If there is a good side to the controversy sparked by the Olive Cooke case, it is that the fundraising world is not trying to dodge the issues. The subject is at the top of the agenda of many senior fundraisers at the big charities who appear anxious to take responsibility and modify their ways of working to avoid direct mail and telephone overkill in the future. The Fundraising Standards Board is pressing ahead with its investigation of the case and the Institute of Fundraising stands ready to respond to the outcome.
Rather more ominous are the noises coming from Westminster, where the Leader of the House of Commons, Chris Grayling, has – without being specific – pledged that the government will bring forward measures to deal with the issues raised by the Cooke case. A small number of Conservative and Labour MPs are calling for action, prompted by complaints received from their constituents. The fundraising bodies may hear more about the government’s intentions when they meet the Minister for Civil Society, Rob Wilson, next week.
Coincidentally, the FRSB has today released an adjudication that illustrates how some charity fundraising can get out of control. Breast Cancer Campaign used a telephone fundraising agency that acquired data from another agency that acquired the data from yet another agency in India that had collected phone numbers by carrying out a "lifestyle survey". Upon examination, the details and reliability of this survey proved, not surprisingly, to be somewhat hazy, and the FRSB has ruled that the charity – now duly contrite – breached parts of the IoF Code of Fundraising Practice. It has also passed aspects of the complaint to the Information Commissioner’s Office.
But Breast Cancer Campaign is almost certainly not the only major charity that has been paying insufficient attention to the provenance of the personal data being used on its behalf, and fundraisers are not the only industry in the frame. Dubiously permissioned data is one of the curses of our age: the world is awash with it, and if charities are not more careful they will end up using it, as in this case, and getting into difficulties as a result. A switch in emphasis from quantity to quality should be the priority now.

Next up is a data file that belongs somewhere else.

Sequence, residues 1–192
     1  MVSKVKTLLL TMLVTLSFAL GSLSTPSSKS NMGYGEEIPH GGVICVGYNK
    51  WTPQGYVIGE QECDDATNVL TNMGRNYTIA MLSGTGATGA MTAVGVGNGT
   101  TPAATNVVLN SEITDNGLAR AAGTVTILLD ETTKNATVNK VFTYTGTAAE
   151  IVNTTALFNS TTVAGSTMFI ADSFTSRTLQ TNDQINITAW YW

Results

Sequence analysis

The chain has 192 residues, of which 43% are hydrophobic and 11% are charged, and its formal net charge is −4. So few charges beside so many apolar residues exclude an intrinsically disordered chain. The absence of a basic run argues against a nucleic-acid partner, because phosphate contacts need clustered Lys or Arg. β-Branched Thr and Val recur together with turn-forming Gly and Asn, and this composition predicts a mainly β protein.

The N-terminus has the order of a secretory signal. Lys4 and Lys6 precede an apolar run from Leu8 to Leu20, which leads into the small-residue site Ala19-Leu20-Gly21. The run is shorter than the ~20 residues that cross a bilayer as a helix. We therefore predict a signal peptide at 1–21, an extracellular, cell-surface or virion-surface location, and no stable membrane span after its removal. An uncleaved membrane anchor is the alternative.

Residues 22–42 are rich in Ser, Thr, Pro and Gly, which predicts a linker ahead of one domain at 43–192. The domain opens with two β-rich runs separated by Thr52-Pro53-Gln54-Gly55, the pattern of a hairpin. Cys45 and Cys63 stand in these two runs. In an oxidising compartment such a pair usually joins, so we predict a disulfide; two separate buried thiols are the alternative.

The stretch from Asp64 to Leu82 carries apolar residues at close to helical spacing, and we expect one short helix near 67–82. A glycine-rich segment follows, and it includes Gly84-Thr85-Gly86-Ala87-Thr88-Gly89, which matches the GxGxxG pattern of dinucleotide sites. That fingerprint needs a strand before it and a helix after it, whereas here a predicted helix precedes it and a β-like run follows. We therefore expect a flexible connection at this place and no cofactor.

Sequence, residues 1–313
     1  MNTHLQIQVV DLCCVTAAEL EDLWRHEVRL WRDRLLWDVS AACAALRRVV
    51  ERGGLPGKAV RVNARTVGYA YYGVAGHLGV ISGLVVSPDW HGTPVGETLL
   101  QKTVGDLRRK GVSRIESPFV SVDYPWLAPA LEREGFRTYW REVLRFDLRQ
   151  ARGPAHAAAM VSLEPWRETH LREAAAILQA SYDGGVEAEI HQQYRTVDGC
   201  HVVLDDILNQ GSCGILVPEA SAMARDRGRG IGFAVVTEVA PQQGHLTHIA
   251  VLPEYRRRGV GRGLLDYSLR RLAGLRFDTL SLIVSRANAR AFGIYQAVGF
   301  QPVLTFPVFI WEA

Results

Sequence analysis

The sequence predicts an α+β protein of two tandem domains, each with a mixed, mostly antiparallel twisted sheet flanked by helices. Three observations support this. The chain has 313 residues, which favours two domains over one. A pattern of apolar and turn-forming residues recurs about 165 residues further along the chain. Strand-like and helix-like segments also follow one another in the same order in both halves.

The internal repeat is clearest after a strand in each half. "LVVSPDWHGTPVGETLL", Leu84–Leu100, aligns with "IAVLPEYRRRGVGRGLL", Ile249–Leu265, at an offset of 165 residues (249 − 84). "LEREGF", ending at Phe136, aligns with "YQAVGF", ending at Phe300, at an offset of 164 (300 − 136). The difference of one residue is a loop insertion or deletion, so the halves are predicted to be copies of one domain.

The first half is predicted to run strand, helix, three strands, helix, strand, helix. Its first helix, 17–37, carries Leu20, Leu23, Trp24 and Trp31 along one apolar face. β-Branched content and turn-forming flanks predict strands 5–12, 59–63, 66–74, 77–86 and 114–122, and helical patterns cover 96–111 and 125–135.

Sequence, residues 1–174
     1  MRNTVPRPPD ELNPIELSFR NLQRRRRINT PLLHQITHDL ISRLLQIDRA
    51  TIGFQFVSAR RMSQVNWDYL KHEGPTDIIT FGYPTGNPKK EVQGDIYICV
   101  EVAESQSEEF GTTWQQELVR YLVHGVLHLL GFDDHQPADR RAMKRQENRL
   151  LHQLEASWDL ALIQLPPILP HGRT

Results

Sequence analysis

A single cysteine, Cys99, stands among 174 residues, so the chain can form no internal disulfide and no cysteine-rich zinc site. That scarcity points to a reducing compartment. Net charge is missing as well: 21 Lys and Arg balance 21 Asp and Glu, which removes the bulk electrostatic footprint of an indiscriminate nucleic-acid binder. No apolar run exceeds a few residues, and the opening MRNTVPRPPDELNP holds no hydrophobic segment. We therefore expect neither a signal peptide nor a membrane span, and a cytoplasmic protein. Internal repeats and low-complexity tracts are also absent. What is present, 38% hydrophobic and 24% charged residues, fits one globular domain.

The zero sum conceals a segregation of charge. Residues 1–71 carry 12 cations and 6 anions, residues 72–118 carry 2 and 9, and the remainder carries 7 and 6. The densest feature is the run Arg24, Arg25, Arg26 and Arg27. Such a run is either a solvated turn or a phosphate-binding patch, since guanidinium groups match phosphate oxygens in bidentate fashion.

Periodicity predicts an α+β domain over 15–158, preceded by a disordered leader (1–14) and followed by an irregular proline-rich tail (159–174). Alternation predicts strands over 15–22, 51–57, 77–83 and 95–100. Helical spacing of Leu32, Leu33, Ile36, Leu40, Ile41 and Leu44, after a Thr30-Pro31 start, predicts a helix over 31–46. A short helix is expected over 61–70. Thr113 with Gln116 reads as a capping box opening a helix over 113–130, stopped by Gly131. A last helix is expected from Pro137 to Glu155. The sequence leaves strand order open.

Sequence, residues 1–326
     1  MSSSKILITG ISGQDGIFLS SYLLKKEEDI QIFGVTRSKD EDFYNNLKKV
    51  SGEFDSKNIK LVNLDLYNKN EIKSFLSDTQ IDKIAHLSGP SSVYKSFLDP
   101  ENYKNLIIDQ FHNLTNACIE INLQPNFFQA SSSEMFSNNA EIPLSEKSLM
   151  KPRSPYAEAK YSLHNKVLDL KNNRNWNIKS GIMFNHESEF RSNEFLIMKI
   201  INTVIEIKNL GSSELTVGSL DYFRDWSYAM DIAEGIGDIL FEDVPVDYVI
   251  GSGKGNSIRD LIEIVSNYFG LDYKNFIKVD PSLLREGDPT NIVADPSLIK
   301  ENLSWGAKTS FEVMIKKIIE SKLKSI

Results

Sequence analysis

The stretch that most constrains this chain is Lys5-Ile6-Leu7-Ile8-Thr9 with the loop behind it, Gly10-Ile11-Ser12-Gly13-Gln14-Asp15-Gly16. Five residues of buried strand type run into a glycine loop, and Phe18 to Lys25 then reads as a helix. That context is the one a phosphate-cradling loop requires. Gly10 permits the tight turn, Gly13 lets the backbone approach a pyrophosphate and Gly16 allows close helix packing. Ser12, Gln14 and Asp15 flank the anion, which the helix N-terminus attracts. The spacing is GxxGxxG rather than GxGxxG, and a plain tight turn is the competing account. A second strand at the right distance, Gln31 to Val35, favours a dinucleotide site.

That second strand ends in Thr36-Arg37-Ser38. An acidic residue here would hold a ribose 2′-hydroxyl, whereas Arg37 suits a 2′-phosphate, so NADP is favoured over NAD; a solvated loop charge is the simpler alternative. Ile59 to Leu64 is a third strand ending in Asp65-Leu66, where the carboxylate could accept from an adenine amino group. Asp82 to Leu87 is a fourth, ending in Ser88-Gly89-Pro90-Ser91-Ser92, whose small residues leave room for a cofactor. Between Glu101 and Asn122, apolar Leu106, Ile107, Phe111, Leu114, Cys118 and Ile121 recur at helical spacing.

What is the way forward in practical terms? A much more circumspect approach by charities to the swapping of donor lists, if not an actual end to it, would help. Roger Craver’s recent book Retention Fundraising, reviewed in Third Sector this month, says the practice has "substantial drawbacks." A much more intractable problem, however, is the availability of lists for sale that make it possible to set up charities out of the blue that rely for their income on multiple mailings to the same group of donors, some of them vulnerable or elderly.
Responsible charities should also make it easier for donors, actual and prospective, to opt out of being contacted: as in other industries, the semi-hidden and confusing wordings about which box to tick if you do or don’t want this or that can seem designed to trip people up. Imposing quotas on mailings might be more problematic – hard to define, hard to police, and potentially unfair.
Above all, fundraising needs to be scrutinised and approved at the highest level in charities. A recent expert article in Third Sector points out that one reason for poor-quality data is that some charity boards set high quotas for mailings in the belief that this is the best way to increase income – and with volume come mistakes and excesses. It’s often said that charity boards typically don’t want to know too much about what’s going on in fundraising, preferring to avert their sensitive eyes. The present crisis – and that is what it is – should prompt them to take a more detailed interest in what’s going on down the corridor and make sure it chimes with their values and those of the charity world generally.